Born in Lima, Peru in 1942, Chilean author Isabel Allende is a beacon of literary brilliance, revered for her evocative storytelling and explorations of love, feminism, and social justice. Her formative years, shaped by a diplomat father and extensive international wanderings, exposed her to a world of diverse cultures and characters that would later infuse her ouevre.

Allende’s debut novel, 1982’s The House of the Spirits, a mesmerizing blend of magical realism and political allegory, swiftly established her as a literary force and remains a classic of Latin American letters. With notable follow-ups like 1987’s Eva Luna, 1994’s Paula, and 2015’s The Japanese Lover, she takes readers on a global tour – from the vibrant streets of South America to the tranquil gardens of San Francisco – all while exploring the depths of human emotion and imagination.

In a reading list for The Week, Allende shared 6 books that have most influenced her life and craft, from The Arabian Nights to Germaine Greer’s groundbreaking 1970 feminist manifesto. Find her favorites below, and complement with the bookshelves of Gabriel García Márquez, Jorge Luis Borges, Margaret Atwood and Salman Rushdie.

Isabel Allende’s Reading List

The Arabian Nights (also rec’d by Gabriel García Márquez & Jorge Luis Borges)

“Imagine a solitary girl, 14 years old, in Lebanon, in the 1950s, reading these sensuous stories with a flashlight inside a closet to avoid parental censorship. That was me. A thousand and one nights, hundreds of stories, magic, eroticism, adventure, and mischievous characters: What an orgy of the senses and imagination! I keep all this in mind when I write.” -IA

One Hundred Years of Solitude by Gabriel García Márquez (also rec’d by Colson Whitehead, Irvine WelshJoan DidionLin-Manuel Miranda & Richard Branson)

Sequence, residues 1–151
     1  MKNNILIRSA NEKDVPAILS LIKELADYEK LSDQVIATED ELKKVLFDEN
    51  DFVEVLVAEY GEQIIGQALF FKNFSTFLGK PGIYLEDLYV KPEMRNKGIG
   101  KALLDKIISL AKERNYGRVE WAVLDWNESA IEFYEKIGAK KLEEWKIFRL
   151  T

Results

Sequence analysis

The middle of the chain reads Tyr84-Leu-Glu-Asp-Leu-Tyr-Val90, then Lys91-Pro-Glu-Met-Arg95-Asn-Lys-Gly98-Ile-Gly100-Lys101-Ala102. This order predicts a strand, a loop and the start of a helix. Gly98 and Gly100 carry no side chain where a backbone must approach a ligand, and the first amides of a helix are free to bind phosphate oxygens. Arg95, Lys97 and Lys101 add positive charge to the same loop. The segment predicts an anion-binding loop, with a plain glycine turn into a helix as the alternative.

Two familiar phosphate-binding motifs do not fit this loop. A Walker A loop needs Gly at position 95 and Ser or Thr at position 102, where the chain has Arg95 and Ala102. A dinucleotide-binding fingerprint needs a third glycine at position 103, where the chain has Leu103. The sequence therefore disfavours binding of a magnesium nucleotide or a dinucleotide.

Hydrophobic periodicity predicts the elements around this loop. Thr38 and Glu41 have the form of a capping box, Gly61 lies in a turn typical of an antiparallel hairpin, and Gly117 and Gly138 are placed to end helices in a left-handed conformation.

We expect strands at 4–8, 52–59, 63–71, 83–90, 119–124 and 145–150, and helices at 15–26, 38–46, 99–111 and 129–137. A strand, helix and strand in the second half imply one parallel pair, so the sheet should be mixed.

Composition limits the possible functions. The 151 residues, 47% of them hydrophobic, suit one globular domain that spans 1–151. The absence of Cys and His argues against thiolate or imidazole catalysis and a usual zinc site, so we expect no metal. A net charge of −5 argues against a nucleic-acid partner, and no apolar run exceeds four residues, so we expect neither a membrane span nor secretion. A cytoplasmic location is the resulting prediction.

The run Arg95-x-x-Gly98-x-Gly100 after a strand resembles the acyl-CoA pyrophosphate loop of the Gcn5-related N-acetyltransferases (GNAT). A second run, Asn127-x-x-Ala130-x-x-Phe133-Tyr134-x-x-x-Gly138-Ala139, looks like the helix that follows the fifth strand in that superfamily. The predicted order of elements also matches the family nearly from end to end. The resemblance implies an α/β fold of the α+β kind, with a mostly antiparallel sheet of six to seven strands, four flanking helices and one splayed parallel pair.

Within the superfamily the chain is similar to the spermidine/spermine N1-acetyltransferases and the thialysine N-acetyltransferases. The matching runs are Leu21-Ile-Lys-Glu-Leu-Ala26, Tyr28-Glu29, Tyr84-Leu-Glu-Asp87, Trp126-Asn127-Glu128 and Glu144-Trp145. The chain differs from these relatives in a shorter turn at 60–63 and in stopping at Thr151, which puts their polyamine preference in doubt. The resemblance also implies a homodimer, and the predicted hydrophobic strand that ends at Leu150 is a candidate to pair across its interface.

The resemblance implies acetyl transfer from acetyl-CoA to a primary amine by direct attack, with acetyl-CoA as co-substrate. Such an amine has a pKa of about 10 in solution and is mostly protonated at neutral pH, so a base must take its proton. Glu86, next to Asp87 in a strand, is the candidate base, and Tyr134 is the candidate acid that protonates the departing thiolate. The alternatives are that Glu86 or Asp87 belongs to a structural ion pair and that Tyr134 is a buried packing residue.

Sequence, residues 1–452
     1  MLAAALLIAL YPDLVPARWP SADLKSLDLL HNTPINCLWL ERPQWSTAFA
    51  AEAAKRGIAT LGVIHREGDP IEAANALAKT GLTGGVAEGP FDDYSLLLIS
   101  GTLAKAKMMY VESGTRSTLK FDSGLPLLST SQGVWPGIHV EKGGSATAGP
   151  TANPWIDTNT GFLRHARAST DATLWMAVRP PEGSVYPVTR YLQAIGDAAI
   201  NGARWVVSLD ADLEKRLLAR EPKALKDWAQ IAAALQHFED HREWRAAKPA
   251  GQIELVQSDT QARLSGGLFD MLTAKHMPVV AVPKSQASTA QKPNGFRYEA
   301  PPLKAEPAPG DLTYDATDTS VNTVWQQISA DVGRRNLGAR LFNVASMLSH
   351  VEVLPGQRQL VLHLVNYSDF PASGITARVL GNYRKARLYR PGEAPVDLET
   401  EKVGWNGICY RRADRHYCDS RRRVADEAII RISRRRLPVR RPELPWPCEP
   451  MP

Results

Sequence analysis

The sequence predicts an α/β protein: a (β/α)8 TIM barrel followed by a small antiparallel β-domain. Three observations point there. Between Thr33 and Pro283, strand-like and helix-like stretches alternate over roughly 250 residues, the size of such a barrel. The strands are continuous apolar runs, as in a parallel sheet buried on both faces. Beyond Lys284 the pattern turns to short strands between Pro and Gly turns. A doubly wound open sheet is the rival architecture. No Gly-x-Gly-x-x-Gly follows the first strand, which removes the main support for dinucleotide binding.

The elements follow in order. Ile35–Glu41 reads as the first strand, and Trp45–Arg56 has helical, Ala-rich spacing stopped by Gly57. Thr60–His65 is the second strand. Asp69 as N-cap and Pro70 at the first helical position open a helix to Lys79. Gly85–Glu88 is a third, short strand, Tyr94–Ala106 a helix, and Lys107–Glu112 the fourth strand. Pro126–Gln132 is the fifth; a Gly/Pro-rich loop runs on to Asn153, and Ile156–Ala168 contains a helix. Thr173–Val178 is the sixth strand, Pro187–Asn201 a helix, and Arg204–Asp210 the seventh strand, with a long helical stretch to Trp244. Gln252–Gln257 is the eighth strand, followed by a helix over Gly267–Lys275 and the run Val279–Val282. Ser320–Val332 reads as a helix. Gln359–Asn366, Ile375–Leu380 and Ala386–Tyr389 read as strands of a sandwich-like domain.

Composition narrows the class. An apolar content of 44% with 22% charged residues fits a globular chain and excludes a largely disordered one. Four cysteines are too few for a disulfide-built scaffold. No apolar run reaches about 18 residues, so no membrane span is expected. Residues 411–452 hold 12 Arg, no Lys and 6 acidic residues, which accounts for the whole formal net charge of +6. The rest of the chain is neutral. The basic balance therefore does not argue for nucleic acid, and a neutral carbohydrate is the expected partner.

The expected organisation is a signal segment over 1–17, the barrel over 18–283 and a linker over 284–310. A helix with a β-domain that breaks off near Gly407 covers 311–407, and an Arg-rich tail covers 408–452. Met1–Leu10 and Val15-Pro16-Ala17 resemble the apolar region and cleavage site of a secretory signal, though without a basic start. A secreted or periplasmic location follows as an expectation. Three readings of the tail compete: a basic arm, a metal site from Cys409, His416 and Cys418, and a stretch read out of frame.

“The most important Latin American novel of the 20th century. Márquez’s characters seemed very familiar, and his voice sounded like my grandfather’s. I realized that with a family like mine, I didn’t have to invent anything to write fiction.” -IA

The Female Eunuch by Germaine Greer (also rec’d by Angela Davis)

“As a young woman, I was desperately angry with machismo until I read this 1970 book — revolutionary at the time — and discovered that there was an articulate, smart, and humorous way to tackle the patriarchy. I channeled my fury into action and became a feminist journalist.” -IA

Dracula by Bram Stoker

“We all know this macabre Victorian novel loaded with sexual innuendo, suspense, Christian paranoia, blood, mystery, and even a zoophagous madman. What is there not to like? It is badly written, but the story fascinates me to this day.” -IA

Broken Open by Elizabeth Lesser

“Many years after my daughter’s premature death, Lesser’s spiritual memoir was a balm to my lingering sorrow. Broken down or broken open by pain? Bitterness or compassion? Self-pity or wisdom? These are choices we all have to make sooner or later.” -IA

The Road by Cormac McCarthy (also rec’d by Bruce Springsteen, Jennette McCurdy, Michael J. Fox & Nick Cave)

“Among the thousands of apocalyptic futuristic novels in existence, this one stands out as the most depressing. Yet it is so beautifully crafted that I have read it three times. In McCarthy’s tale, the love of a father for his son sheds the only light in the midst of supreme horror and darkness. What a writer!” -IA

(via The Week; photo by Saroyan Humphrey)

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Categories: Writers